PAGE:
Outbreak of human monkeypox, Democratic Republic of Congo, 1996 to 1997

Emerg Infect Dis. May-Jun 2001;7(3):434-8. doi: 10.3201/eid0703.010311.

Abstract

Human monkeypox is a zoonotic smallpox-like disease caused by an orthopoxvirus of interhuman transmissibility too low to sustain spread in susceptible populations. In February 1997, 88 cases of febrile pustular rash were identified for the previous 12 months in 12 villages of the Katako-Kombe Health Zone, Democratic Republic of Congo (attack rate = 22 per 1,000; case-fatality rate = 3.7%). Seven were active cases confirmed by virus isolation. Orthopoxvirus- neutralizing antibodies were detected in 54% of 72 patients who provided serum and 25% of 59 wild-caught animals, mainly squirrels. Hemagglutination-inhibition assays and Western blotting detected antibodies in 68% and 73% of patients, respectively. Vaccinia vaccination, which protects against monkeypox, ceased by 1983 after global smallpox eradication, leading to an increase in the proportion of susceptible people.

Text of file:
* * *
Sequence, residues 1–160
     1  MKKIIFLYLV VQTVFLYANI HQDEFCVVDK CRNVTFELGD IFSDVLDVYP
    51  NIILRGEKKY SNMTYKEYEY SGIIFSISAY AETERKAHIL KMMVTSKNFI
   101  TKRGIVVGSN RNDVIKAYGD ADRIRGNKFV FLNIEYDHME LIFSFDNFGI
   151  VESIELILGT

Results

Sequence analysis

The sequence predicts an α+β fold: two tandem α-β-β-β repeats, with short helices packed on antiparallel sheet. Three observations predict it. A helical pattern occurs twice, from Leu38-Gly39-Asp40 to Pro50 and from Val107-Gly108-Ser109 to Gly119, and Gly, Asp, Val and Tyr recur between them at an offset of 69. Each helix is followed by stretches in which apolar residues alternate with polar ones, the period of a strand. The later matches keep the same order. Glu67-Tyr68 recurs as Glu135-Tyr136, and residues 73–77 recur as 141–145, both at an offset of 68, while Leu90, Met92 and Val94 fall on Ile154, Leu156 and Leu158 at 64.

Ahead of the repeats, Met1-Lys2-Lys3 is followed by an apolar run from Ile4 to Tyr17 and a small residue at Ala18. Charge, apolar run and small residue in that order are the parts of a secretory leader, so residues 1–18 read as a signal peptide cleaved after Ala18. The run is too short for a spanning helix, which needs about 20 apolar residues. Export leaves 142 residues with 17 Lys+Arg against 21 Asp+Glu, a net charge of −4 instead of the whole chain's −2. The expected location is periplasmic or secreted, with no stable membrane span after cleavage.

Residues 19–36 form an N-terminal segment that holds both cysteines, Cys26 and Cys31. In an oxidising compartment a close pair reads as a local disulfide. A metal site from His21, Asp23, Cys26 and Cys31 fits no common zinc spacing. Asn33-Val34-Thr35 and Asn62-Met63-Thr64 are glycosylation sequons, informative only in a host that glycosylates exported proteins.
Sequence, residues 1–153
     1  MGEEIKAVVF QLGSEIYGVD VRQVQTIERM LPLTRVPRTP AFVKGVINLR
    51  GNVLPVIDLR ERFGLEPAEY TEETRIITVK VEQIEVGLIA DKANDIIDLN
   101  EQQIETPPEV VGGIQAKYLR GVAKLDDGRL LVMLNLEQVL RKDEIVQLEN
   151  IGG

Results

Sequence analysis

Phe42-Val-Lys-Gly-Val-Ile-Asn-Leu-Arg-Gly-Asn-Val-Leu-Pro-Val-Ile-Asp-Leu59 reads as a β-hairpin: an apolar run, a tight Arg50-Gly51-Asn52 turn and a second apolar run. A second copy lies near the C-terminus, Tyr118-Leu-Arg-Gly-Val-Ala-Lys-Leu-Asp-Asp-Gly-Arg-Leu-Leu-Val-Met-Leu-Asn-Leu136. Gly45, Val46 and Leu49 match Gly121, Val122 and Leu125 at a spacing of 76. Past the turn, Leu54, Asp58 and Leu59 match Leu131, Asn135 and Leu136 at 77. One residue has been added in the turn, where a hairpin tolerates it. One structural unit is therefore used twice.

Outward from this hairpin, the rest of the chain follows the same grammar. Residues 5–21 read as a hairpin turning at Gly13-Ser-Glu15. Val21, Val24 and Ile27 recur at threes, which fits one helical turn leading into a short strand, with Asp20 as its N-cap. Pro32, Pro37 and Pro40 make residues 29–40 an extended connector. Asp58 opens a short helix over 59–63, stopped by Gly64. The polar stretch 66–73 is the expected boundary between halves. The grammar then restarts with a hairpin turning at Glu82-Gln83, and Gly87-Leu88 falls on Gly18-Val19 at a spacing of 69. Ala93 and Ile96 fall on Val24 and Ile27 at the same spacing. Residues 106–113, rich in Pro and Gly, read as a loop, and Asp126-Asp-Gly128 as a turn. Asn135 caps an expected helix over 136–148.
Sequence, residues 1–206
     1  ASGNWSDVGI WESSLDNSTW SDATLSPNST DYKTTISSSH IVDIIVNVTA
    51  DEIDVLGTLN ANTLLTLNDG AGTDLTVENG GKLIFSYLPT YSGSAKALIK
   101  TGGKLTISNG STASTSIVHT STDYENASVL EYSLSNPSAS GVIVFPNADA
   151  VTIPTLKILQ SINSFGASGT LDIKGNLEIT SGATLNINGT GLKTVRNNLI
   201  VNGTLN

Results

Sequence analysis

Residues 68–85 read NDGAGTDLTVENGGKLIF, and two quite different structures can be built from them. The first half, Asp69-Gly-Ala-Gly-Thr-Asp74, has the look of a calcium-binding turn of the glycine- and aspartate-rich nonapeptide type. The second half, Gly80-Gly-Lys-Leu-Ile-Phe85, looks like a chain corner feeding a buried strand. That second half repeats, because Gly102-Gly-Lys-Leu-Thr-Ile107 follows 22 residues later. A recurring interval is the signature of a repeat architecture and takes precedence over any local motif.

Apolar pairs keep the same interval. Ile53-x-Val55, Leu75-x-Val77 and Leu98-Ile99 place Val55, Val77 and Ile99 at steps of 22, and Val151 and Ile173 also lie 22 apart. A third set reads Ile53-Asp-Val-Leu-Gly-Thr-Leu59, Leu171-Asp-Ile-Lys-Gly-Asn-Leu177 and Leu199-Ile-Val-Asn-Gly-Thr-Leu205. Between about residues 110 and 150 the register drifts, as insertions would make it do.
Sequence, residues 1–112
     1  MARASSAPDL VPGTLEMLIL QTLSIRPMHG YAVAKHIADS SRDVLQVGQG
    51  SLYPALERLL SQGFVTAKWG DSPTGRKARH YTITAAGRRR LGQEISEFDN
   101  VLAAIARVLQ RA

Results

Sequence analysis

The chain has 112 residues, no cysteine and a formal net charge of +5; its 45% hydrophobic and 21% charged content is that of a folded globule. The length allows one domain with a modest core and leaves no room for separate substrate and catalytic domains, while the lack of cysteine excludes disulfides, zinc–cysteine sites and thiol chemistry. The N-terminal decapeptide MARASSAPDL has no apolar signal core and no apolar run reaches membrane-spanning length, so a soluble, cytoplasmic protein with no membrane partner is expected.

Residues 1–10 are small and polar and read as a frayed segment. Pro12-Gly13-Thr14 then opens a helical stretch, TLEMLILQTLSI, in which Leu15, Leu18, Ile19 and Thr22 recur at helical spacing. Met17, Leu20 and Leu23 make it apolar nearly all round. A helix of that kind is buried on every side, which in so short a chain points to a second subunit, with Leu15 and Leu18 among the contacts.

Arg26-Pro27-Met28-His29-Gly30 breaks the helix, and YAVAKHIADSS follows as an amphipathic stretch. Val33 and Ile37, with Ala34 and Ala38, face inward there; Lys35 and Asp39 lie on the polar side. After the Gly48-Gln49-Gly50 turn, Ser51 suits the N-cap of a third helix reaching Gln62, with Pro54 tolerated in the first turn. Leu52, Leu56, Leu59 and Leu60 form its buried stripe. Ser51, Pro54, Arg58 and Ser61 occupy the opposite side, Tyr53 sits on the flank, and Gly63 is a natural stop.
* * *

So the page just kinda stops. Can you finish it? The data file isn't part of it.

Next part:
Publication types

  • Research Support, Non-U.S. Gov't

MeSH terms

  • Adolescent
  • Adult
  • Animals
  • Child
  • Child, Preschool
  • Democratic Republic of the Congo / epidemiology
  • Disease Outbreaks*
  • Female
  • Hemagglutination Inhibition Tests
  • Humans
  • Infant
  • Male
  • Middle Aged
  • Monkeypox virus*
  • Poxviridae Infections / epidemiology*
  • Poxviridae Infections / transmission
  • Time Factors